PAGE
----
How to make most of your concert experience

Kayla Hill
staff writer

Arguably one of Taylor Swift’s biggest fans, senior Grace Henschel will never forget the four concerts that she attended this past summer. With the perfect outfit on, posters made, makeup done and accompanied by her friends and fellow fans, she had the best four nights of her life. The question for the rest of us is this: How did she, and other concert goers this past year, make the most out of their concert experiences?

The first step in making your experience worthwhile is to prepare early. Concerts can get expensive, as there are things you may buy besides a ticket including $10 chicken tenders and a $6 bottle of water. To prevent your total bill from racking up, buying your ticket early at face value from a reliable site like TicketMaster can save you the cash you’ll need for those nugs.

In addition to preparing early, it’s also important to prepare for the inevitable. At a concert, you’ll most likely be taking videos or snapchats on your phone, draining your battery life in the process. According to senior Chloe Nguyen, “I wish I brought a [portable] charger to the concert,” making my next piece of advice to do just that.

A favorable concert experience is contingent with doing everything early. If you already got your ticket early for a good price, you don’t want to put that to waste and wait for hours trying to get into the venue. Whether the concert is general admission or assigned seating, getting to the venue 30 minutes before the doors open can help beat the crowd.

For senior Leah Mietus, going to the Demi Lovato concert with fellow senior Bayan Hassan was a night she would never forget. Therefore, my next tip on how to enjoy your show is to enjoy it in the company of others. While you are completely capable of appreciating a concert by yourself, “Being able to make memories with your friends and seeing an artist of your choosing at the same time is killing two birds with one stone,” Mietus said.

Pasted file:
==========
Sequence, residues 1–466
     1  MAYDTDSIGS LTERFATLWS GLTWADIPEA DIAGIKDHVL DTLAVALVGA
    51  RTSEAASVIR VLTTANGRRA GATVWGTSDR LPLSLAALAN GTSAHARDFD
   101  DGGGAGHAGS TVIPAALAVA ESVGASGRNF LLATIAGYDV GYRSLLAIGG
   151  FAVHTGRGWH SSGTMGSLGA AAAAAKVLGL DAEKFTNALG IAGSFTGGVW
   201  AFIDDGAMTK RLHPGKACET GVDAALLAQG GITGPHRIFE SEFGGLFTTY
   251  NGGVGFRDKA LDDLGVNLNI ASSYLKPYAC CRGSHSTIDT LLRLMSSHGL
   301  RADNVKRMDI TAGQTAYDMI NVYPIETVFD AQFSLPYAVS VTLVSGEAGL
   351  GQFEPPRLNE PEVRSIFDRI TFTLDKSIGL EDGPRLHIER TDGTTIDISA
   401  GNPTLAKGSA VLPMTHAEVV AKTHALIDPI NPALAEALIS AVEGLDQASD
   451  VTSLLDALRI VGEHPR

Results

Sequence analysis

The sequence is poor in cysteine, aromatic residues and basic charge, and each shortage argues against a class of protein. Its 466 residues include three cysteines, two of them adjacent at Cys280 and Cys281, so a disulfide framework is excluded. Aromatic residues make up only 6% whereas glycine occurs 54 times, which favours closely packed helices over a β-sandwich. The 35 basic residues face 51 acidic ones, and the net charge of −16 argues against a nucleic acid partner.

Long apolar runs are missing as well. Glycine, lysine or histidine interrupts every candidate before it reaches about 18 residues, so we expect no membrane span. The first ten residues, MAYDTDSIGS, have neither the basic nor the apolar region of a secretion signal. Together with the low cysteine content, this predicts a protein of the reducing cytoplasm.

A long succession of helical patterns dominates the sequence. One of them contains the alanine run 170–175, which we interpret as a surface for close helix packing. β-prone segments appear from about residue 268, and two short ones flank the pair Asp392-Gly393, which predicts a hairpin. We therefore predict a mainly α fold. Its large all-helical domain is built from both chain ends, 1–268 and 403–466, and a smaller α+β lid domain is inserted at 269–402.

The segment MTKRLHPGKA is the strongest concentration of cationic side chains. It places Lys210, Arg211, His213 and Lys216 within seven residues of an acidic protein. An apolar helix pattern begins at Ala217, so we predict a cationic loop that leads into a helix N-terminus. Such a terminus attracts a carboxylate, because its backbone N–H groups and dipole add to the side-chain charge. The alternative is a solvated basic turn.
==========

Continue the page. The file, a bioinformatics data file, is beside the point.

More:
Another issue students face when trying to attend a concert is figuring out how they’re going to get there. Parking for concerts can be a nightmare, especially if you’re in D.C for venues such as Capital One Arena or The Anthem, so using a rideshare app is key. “I always split an Uber with my friends so all we have to do is get dropped off. It’s a lot easier than trying to find parking,” sophomore Owen Matus said.

Before you buy your ticket, it’s also important to take note of what day of the week it’s on and what time it’s at. As high school students, there is nothing worse than finding a concert you want to go to is on a Tuesday night at 8 p.m.. While this is not something you can easily change, it’s crucial to do your work before you leave as you will probably crash when you get home.

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